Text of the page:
TIMSS 2011 Design

Methodology
  • International large-scale sample survey of student achievement and the educational context
  • Monitors trends by reporting results from successive cycles on a common achievement scale
  • Predominantly quantitative, with qualitative information presented in descriptive country chapters in the TIMSS encyclopedia
Method(s)
  • Overall data collection approach
    • Proctored assessment of student achievement and
    • Self-administered surveys for students, parents, teachers, and school principals
Target population
  • School children in grades representing 4 and 8 years of formal schooling, in participating countries
  • In those countries where fourth-grade or eighth-grade students were expected to find the TIMSS assessments too difficult: Grades 6 and 9, respectively
Sample design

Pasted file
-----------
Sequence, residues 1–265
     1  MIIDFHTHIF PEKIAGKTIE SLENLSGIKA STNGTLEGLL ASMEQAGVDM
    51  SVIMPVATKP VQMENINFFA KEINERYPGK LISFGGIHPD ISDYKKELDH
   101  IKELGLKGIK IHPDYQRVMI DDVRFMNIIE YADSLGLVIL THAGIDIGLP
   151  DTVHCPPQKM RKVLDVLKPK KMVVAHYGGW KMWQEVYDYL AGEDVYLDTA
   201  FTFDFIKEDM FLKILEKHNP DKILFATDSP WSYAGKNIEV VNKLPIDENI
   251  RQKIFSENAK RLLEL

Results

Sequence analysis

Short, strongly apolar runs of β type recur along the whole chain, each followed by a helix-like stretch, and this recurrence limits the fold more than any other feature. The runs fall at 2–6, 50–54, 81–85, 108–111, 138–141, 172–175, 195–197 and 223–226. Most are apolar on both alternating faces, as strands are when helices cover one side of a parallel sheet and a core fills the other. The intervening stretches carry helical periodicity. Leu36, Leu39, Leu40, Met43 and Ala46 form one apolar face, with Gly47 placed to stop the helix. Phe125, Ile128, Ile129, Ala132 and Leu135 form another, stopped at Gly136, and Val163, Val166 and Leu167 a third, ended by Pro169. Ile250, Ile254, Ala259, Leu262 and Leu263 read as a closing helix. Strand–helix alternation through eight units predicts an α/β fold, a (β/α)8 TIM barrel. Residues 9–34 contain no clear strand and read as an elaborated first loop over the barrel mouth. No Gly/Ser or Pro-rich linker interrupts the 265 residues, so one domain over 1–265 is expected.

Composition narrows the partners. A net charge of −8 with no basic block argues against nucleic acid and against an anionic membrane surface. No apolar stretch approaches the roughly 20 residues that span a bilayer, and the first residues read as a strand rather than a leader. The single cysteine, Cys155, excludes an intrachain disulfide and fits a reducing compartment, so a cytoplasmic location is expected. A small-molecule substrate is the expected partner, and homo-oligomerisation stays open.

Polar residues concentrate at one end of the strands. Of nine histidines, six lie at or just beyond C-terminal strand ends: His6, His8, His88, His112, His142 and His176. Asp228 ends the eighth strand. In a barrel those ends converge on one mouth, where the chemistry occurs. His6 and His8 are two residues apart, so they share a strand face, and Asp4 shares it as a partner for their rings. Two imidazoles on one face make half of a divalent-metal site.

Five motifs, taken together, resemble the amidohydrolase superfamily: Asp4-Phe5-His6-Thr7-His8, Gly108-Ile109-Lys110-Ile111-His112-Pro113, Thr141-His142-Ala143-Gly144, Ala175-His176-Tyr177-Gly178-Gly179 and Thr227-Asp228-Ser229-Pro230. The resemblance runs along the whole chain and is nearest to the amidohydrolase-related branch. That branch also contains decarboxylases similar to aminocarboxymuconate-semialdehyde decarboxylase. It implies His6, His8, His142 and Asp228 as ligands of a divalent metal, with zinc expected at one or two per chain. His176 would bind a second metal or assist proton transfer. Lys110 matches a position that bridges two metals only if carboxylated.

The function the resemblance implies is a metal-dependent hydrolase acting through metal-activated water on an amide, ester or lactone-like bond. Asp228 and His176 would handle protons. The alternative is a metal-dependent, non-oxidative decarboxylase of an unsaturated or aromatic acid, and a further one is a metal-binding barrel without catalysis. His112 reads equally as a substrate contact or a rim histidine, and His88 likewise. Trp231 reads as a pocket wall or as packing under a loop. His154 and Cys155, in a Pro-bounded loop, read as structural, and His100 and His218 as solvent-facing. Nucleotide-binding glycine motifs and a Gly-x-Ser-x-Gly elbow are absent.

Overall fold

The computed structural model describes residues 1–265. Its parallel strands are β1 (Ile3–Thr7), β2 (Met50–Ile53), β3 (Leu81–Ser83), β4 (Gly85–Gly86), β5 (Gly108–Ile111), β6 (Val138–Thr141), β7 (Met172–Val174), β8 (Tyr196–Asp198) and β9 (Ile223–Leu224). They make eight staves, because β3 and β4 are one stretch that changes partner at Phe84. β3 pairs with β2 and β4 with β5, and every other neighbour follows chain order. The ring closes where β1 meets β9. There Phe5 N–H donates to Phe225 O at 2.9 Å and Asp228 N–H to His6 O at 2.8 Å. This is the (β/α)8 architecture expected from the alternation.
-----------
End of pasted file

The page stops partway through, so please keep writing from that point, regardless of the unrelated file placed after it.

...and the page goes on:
Stratified two-stage cluster sample design

First stage: sampling schools

  • Probability proportional to the size of the school (PPS)
  • Stratifying schools (optional):
    • According to important (demographic) variables (e.g., region of the country, school type or source of funding, level of urbanization)
    • Can take two forms: explicit or implicit stratification
  • Random-start fixed-interval systematic sampling
  • Schools sampled at the same time for field test and main data collection
  • Sampling of two replacement schools for each school sampled (main data collection only)

 

Second stage: sampling classes within schools

  • Only after sampled schools agree to participate in the study
  • One or more intact classes from the target grade of each school, selected using systematic random sampling

 

General notes

  • School sampling conducted by Statistics Canada, class sampling by participating countries
  • All sampling activities monitored and documented by Statistics Canada and IEA Hamburg staff
  • Most of the countries that participated in TIMSS 2011 at Grade 4 also participated in PIRLS 2011 with the same samples of students
Sample size

Per country and target grade

  • School sample: minimum 150-200 schools